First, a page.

Excellent: Legislature Passes Bill Holding Local Governments Accountable
Congratulations to Rep. John Wiemann and others for passing House Bill 271, a now greatly expanded bill whose original language, carried by Rep. Wiemann, addressed a reform near and dear to my heart—local transparency. For the last few years, the Institute has been an active proponent of making state and local government checkbooks open to the public, and we’ve seen some progress with the creation of a great site that advances these ends in the Missouri State Treasurer’s office. House Bill 271 establishes a similar program in the Office of Administration, which takes us one step closer to the mandatory checkbook reporting we’ve long advocated. If local governments can take your money from you and spend it, they must report it, and if they can’t, well, that’s a problem. The bill moves us closer to fixing that problem.
The omnibus bill touches on other local government issues of interest to us, notably the manner and circumstances under which local governments can take away rights of association and commerce via pandemic “health orders” and lockdowns. Living in Chiefs Kingdom doesn’t make you Kansas City’s peasant, and the bill’s eminently reasonable restrictions on local governments’ ability to take draconian actions against Missouri residents were overdue. As with local checkbook transparency, the state has an obligation to ensure that local governments, which exist as a managerial convenience, are accountable for acts done in the state’s name. On health orders in particular, local governments far exceeded in the last year what the state should ever tolerate. Congratulations to Sen. Bob Onder for successfully attaching this limiting language to the bill and to Sen. Andrew Koenig, Rep. Jim Murphy, and others for adding fuel to the fire throughout the process.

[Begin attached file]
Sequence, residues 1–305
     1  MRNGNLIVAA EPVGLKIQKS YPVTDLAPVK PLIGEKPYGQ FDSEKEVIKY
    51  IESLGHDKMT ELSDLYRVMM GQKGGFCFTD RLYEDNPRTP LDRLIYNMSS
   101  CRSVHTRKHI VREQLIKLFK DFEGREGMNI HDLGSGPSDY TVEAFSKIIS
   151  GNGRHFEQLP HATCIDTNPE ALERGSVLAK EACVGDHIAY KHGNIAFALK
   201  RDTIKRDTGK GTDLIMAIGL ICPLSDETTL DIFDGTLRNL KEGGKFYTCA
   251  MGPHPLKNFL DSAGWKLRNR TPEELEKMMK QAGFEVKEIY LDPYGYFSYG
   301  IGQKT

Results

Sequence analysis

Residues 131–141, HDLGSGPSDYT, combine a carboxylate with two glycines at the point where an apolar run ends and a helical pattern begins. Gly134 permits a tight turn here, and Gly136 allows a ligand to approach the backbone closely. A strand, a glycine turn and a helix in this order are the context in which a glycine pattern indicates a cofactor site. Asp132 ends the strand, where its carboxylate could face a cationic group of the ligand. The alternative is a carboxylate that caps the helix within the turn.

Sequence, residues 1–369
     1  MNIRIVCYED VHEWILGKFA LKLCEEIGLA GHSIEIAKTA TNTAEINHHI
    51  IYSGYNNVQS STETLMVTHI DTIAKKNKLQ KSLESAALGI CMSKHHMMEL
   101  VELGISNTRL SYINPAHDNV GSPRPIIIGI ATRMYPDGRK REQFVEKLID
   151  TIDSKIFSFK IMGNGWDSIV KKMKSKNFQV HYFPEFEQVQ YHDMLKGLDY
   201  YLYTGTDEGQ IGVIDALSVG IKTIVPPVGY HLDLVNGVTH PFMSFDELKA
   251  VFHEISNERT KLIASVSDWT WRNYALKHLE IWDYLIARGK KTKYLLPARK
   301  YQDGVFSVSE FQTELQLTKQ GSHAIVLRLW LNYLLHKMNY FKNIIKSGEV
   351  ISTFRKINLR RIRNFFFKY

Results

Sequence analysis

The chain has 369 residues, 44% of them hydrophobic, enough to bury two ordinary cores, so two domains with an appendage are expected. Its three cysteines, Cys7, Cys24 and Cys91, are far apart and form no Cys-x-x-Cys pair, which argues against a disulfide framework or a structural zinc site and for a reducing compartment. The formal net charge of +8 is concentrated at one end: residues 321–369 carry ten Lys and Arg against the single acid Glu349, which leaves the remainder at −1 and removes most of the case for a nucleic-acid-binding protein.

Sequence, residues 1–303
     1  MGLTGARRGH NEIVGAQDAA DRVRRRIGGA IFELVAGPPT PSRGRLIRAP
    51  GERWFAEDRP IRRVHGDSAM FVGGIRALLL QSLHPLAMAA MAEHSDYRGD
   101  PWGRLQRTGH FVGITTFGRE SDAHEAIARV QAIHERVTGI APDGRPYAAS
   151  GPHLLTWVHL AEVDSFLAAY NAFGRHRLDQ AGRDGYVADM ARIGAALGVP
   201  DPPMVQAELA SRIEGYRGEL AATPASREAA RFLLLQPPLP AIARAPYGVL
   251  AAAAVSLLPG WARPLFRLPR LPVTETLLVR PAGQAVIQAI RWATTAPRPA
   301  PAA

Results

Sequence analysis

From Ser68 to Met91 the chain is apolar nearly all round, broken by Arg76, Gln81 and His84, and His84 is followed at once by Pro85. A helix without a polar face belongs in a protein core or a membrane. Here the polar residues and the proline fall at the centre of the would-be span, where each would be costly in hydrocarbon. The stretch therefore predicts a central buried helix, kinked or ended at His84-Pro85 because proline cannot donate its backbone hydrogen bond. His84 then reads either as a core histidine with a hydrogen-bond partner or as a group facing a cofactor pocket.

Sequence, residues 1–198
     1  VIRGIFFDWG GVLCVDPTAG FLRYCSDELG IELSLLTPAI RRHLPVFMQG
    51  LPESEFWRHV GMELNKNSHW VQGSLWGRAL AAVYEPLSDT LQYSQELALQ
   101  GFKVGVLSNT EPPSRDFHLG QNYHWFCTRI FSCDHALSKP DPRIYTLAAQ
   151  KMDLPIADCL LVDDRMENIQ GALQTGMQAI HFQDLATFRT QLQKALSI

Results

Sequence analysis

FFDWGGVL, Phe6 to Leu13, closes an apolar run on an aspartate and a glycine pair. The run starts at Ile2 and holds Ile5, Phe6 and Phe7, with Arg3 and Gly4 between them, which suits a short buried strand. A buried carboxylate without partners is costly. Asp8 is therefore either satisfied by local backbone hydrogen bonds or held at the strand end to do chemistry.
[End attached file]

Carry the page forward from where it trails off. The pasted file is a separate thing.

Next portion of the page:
House Bill 271 now moves on to the governor, who is expected to sign it. Congratulations to the legislators and advocates who achieved these objectives.